What do you think about the development of RapidPro?
I like it a lot. So far I’ve been there twice. It grew bigger and bigger and now is scheduled for a lengths of 3 days. I’ve talked to some companies in Aken who also visit the event regularly and they are really fond of that show. So honestly nothing bad to say, I like it.
Besides speaking at events, what was your motive to start teaching for Mikrocentrum?
Actually, I was approached in the transition phase from Fraunhofer ILT to Aconity3D and I was really interested in giving training sessions, because I felt that little knowledge about this technology is available. That might be, because there is no apprenticeship on 3D printing or such. Also for me it is crucial to learn what potential customers want to do with this technology. Also, I like that students can take something home with them, which they can apply and might result in new fantastic applications.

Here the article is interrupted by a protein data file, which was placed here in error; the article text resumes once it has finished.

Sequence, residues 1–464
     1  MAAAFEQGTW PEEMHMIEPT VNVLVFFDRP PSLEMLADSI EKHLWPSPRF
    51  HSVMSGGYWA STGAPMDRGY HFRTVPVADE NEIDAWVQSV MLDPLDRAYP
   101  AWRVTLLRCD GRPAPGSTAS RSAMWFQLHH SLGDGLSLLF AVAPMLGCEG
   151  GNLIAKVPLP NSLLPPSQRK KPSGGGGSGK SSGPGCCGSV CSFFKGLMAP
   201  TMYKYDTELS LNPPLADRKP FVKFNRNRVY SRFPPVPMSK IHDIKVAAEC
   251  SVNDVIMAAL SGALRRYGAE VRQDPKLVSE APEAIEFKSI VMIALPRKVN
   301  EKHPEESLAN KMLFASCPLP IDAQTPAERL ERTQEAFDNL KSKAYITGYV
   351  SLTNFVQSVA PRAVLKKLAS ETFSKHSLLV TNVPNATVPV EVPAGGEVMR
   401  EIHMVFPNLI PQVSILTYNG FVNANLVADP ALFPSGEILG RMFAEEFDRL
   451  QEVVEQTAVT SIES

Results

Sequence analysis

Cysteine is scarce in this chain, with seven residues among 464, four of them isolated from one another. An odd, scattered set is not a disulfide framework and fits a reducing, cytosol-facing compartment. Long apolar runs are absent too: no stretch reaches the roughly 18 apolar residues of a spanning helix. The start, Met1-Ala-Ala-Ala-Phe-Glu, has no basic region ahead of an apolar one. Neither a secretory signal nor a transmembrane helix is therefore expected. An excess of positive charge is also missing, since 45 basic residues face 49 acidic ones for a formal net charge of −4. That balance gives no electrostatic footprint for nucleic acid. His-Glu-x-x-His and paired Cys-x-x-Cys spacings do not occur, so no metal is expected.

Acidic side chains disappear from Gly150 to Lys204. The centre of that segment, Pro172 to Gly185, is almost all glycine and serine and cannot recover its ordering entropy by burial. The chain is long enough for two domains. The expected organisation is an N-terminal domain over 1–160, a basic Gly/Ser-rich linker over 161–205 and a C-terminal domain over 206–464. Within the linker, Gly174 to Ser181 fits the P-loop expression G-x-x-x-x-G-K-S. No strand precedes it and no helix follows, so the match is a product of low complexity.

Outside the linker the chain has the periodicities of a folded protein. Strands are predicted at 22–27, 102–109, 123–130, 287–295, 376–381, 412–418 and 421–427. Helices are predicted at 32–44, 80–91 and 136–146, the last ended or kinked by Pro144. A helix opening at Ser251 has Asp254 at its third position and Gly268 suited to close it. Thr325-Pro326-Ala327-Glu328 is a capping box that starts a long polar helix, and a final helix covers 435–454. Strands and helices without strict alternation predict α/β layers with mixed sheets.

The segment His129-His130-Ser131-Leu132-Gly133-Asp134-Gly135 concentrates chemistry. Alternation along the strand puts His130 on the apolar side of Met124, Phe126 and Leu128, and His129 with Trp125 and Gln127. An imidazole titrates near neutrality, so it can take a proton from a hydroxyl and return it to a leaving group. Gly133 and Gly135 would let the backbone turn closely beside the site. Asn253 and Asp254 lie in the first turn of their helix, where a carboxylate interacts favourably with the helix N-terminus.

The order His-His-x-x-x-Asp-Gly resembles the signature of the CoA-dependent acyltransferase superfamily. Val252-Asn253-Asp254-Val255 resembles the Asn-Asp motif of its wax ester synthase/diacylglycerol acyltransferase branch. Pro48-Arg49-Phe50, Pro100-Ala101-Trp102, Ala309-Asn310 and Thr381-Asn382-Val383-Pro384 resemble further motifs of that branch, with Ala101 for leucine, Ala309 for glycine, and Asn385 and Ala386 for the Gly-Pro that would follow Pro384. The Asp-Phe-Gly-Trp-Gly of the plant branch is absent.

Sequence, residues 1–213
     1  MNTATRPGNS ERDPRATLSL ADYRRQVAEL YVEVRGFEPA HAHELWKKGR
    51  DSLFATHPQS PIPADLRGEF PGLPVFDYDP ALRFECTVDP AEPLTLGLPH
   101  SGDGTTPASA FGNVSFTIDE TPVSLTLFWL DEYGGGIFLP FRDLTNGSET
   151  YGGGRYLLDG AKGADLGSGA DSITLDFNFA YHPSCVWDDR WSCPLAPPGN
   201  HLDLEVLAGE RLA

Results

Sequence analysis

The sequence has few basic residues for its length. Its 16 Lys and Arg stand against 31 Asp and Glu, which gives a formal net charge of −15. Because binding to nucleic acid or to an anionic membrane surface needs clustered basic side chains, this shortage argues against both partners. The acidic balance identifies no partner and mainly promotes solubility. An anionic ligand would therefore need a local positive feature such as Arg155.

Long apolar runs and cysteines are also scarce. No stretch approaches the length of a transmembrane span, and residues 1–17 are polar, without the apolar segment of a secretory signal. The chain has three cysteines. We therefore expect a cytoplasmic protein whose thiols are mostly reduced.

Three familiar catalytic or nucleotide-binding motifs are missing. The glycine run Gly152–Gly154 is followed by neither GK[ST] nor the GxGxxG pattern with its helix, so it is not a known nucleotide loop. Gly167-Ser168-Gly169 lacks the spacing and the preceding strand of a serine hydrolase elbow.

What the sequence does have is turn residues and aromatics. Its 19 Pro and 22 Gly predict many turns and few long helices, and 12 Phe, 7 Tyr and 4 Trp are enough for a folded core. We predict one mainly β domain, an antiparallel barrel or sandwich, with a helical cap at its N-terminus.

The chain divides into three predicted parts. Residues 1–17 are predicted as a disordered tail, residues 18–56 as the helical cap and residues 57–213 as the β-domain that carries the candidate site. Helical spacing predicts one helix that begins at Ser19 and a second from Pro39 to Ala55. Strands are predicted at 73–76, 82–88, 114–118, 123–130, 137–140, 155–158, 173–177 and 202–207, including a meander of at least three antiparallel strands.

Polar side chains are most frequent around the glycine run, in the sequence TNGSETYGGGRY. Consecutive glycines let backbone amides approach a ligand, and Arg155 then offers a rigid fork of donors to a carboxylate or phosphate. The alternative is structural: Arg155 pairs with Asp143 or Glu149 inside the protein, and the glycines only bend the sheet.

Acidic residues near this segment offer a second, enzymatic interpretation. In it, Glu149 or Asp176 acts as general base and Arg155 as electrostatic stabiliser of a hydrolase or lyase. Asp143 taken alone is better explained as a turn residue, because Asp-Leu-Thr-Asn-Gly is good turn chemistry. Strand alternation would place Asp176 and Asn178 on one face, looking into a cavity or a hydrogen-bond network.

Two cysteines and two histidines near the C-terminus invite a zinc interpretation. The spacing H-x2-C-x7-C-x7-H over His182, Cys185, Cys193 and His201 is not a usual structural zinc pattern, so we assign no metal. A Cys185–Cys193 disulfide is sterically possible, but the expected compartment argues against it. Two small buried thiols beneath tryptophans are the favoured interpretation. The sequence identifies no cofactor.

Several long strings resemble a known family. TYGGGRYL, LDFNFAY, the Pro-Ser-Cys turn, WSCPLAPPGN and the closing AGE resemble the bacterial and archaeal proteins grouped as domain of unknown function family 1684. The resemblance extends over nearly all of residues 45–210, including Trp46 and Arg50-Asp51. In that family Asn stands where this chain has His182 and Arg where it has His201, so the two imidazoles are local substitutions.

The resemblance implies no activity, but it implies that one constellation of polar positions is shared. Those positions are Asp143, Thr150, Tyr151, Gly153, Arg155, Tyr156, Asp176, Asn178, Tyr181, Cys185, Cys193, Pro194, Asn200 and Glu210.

What can students expect from your classes?
Right now there is a lot of interest in Additive Manufacturing in the Industry. Everybody wants to buy equipment and believes that the business case falls right out of the machine. But of course that’s not the case so we tried to create a training which tackles that issue. It helps people to get some first insights in the technology, and later on in the new Design For Additive Manufacturing course, they get some further insights which help them to design for that new process.
The Additive Manufacturing course gives you an overview in general AM technologies. Being for polymers, ceramics or metals. Then we talk about some business cases - how people make money with it, that’s always very interesting. And there is the software side, that’s all about how to process your data so you can build your part. And you learn what to keep in mind by designing your parts. So given that it’s for almost all AM technologies this course can only provide some insights at the surface. The ‘Design for AM course’ on the other hand is a more deep insight for metal processes for example. In all courses the trainee will also get ‘hands – on’ experience in working with AM equipment on top of theoretical backgrounds and real life examples from the industry.